At the same time that he charged Meriwether Lewis and William Clark to explore the great Northwest, President Thomas Jefferson commissioned William Dunbar and George Hunter to make a parallel journey through the southern unmapped regions of the Louisiana Purchase. From October 16, 1804, to January 26, 1805, Dunbar and Hunter, both renowned scientists, made their way through what is now northern Louisiana and southern Arkansas, ascending the Ouachita River and investigating the natural curiosity called "the hot springs." Though Dunbar and Hunter's journals have the same value and appeal as Lewis's, theirs have long been out of print and have never been published in a single volume. Their daily accounts now appear together, enhanced by a wealth of useful notes.
The team of the "Grand Expedition," as it was optimistically named, was the first to send its findings on the newly annexed territory to the president, who received Dunbar and Hunter's detailed journals with pleasure. They include descriptions of flora and fauna, geology, weather, landscapes, and native peoples and European settlers, as well as astronomical and navigational records that allowed the first accurate English maps of the region and its waterways to be produced. Their scientific experiments conducted at the hot springs may be among the first to discover a microscopic phenomena still under research today.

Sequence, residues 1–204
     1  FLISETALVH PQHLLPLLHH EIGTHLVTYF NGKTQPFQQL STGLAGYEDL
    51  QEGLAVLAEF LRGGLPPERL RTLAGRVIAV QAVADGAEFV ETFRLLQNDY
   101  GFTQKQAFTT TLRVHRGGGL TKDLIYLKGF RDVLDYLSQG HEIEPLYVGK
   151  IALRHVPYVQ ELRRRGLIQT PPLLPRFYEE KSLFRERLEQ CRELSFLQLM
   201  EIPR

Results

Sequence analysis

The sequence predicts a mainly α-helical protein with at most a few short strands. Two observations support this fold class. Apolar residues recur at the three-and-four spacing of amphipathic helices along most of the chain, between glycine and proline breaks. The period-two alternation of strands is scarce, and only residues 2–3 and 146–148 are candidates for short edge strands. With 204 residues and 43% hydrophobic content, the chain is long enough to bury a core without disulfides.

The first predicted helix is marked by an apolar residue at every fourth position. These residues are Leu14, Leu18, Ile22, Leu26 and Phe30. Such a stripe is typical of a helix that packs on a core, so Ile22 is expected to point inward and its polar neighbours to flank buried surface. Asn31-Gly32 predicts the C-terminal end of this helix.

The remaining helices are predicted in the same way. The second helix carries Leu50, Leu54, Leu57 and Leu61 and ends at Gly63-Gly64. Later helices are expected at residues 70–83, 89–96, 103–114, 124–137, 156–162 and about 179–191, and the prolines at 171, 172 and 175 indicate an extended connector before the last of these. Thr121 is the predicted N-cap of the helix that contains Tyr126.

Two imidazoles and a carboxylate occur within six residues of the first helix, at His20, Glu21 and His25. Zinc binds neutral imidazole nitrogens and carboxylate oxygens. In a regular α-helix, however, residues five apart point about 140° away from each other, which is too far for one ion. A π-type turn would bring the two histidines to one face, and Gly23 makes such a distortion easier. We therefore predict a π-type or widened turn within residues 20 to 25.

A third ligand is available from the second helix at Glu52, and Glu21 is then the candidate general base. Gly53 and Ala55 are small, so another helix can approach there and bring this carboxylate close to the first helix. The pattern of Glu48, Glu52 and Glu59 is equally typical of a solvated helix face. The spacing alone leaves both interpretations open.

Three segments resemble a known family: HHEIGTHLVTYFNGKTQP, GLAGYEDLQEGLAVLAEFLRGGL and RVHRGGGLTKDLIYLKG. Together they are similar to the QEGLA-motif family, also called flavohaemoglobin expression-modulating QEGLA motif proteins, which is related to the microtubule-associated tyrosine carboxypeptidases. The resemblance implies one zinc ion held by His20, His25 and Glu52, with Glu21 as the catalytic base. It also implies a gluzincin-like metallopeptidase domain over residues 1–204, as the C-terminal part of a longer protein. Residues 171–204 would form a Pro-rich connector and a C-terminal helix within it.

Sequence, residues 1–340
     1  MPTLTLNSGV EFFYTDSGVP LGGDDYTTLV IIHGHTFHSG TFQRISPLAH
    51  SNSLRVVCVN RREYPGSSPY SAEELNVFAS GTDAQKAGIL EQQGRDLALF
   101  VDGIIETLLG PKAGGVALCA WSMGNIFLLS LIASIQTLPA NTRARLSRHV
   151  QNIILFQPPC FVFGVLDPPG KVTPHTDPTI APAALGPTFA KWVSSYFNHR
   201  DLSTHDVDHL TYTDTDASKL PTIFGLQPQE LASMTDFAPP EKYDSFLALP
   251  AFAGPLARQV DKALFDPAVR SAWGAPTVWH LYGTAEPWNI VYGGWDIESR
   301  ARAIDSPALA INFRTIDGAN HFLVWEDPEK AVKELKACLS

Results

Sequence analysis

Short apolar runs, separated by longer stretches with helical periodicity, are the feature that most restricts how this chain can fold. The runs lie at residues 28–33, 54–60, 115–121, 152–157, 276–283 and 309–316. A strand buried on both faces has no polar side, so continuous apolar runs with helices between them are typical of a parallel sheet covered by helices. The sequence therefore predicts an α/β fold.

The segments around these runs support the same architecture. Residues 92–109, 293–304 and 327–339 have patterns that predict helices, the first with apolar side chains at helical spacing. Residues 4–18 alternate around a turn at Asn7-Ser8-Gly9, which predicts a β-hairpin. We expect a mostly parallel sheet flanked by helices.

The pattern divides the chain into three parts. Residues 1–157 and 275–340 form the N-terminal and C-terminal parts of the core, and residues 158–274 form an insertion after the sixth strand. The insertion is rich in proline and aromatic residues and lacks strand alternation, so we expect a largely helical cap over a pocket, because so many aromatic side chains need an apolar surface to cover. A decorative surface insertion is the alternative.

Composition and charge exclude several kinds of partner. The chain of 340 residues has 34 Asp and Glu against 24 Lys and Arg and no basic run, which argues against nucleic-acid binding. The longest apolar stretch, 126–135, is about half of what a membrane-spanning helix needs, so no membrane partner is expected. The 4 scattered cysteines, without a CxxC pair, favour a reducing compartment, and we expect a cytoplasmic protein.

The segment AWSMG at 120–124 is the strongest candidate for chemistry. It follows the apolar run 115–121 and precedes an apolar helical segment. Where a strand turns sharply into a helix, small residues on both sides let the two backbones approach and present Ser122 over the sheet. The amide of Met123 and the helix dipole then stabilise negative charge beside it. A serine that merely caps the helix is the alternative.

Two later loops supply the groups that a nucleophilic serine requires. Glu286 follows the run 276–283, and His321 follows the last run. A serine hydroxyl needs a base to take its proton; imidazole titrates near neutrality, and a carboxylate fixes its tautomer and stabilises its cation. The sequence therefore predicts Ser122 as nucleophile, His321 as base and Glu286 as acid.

The Forgotten Expedition completes the picture of the Louisiana Purchase presented through the journals of explorers Lewis and Clark, Zebulon Pike, and Thomas Freeman and Peter Custis. It is a treasure of the early natural history of North America and the first depiction of this new U.S. southern frontier.
"Set out at half past six a.m. The morning very foggy on the river & not so cold as yesterday. The banks still rising in height by slow degrees & the land more & more intermixed with sand…. Found on the bank a young Fawn just killed by a Panther, the throat being tore very much. We took it on board & made a hearty meal of it, or two for all hands."
Pam Beasley is the director of the Arkansas Museum of Natural Resources in Smackover, Arkansas.
Jeanne Clements retired as director of the Arkansas Museum of Natural Resources in 2003. She lives in Tucson, Arizona.
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